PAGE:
Written by Suma rp
As per the experts, a growing baby needs to have proper sleep for its overall development. Initially, you would have noticed that your baby keeps sleeping and only asks for breastfeeding. Naps are normal during that time and are quite predictable. When things suddenly start falling out of place like, your baby is not willing to take the second nap, or if their sleep time is shrinking during the night, you must understand that it’s time to transition your baby from two naps to one nap.
It is common for babies to take two naps every day, but as your baby grows, their wake time increases reducing the nap times or even dropping one nap in a day. This is normal for your growing baby, and the transition from two to one nap won’t negatively impact your baby’s growth.
In This Article
In the initial phase of their life, a baby tends to take two naps during the entire day, that is, one nap in the morning and the other in the afternoon or sometimes in the evening.
Ideally, you must understand that your baby is ready for transition if you observe sudden or gradual changes in their routine nap times like
When your baby goes through a 2-to-1 nap transition, they give certain hints.
Here are some of the top signs which you might notice in your baby when they face a transition from 2 to 1
Many babies in their early stages usually need sleep after meals or when they feel lethargic, probably in the afternoon. But if your baby stays up for 4 hours non-stop, then this hints that your baby is ready. When your baby is ready to transition, you will notice that they remain awake for multiple hours and don’t sleep well at night.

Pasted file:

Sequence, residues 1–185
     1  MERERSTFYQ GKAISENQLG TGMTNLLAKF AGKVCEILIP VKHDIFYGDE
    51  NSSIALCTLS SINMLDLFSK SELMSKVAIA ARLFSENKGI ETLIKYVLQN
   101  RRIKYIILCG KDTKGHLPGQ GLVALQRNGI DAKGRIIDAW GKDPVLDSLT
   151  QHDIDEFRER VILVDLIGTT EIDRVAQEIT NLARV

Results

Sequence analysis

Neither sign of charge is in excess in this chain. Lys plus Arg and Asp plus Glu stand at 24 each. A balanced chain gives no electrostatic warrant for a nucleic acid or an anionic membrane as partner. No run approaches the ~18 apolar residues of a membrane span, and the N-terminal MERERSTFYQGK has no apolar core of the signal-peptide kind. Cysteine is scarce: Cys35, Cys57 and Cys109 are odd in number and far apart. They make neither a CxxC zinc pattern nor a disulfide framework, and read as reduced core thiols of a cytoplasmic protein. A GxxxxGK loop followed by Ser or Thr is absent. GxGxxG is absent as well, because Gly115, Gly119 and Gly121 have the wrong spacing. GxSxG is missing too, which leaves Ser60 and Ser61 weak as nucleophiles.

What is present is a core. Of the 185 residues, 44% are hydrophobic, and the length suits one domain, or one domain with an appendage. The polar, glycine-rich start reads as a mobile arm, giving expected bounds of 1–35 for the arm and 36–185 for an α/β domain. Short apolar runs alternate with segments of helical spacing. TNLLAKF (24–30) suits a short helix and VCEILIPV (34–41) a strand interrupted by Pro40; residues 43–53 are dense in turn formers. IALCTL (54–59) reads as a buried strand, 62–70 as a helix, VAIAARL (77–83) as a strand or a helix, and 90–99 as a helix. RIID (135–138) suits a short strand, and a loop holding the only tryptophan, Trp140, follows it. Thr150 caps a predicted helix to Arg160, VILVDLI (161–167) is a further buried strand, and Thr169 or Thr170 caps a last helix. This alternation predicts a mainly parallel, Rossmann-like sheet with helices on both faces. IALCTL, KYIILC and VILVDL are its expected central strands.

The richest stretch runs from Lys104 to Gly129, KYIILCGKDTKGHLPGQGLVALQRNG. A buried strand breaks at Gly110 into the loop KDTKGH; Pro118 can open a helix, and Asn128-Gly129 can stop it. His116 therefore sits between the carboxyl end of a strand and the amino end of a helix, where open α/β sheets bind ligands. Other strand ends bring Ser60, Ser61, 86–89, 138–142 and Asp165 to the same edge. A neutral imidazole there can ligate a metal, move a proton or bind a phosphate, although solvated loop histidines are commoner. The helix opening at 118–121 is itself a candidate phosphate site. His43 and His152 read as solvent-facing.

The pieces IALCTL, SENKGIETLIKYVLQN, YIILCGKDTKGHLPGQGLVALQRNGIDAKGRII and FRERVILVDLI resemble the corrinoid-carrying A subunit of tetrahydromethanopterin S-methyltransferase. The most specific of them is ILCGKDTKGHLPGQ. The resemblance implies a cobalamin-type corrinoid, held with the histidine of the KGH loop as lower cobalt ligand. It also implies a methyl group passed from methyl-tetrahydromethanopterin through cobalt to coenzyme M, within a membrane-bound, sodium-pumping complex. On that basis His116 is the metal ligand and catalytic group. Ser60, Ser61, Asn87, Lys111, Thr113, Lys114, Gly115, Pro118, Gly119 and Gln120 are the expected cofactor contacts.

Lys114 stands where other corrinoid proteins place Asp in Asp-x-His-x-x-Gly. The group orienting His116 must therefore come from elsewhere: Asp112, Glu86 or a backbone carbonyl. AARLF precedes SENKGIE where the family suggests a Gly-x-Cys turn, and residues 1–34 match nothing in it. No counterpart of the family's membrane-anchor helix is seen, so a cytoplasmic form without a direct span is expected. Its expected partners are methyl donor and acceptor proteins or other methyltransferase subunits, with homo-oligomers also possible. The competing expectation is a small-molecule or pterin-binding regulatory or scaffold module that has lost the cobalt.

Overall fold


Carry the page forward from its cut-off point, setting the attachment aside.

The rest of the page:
If you try to put your baby to sleep for the second nap and face rejection from the other side, it indicates that your baby is up for a transition. Rejection can come either during the morning nap or the afternoon nap. But do not take it this way. Your baby will not have rest time if they don’t sleep. Hence, you should help them rest by turning on some light music to help them relax.
If you are looking to transition your baby from 2 to 1 nap per day, you may first face a bit of struggle. You need to be very patient as your baby might not settle for it immediately. But as you move ahead, if you manage it right, they can move on comfortably with the new routine.
It’s a fight, we understand! There can be situations where your baby slips back into the old routine, but it is completely okay. But ensure that they are not used to it as it may reduce and disturb their good night’s sleep. Read books, sing some rhythms for them, or play with them to distract them from sleeping.
If you are preparing to switch your baby from 2 naps to 1 nap daily and if your baby is disinterested in the same, it is better to avoid it. A forced transition can make them cranky and fussy. If you did it way before your baby is ready, it might take longer for babies to adjust to their new sleep schedules. Hence, it is always better to go for it when you feel your baby is ready.
Once a mother, your whole world revolves around the baby and its schedules. As your baby grows, the routine changes. They are awake more and their sleep time during the day comes down. If you notice any such signs, get ready to transition them from 2 naps to 1 nap. However, the sleep cycles of each baby differ and as they grow, not going to sleep during the day can also help them sleep well and longer during the night.
Morning nap is shorter, and your baby can have the same schedule until six months old. Morning naps are usually 90 minutes long, but they may come down to 30 minutes with their growing age.
The gap keeps varying depending on their age. A 4-5 hour gap is ideal after their last nap.
Suma is a passionate content writer with a strong keenness to understand the miracle of pregnancy, birth, and parenting. Suma has successfully transitioned into a full-time content writer and a key contributor at Being The Parent. She leverages on her experimental background in chemistry and experience in writing to come up with well-researched content that helps parents struggling to deal with various medical conditions of their children.Read more.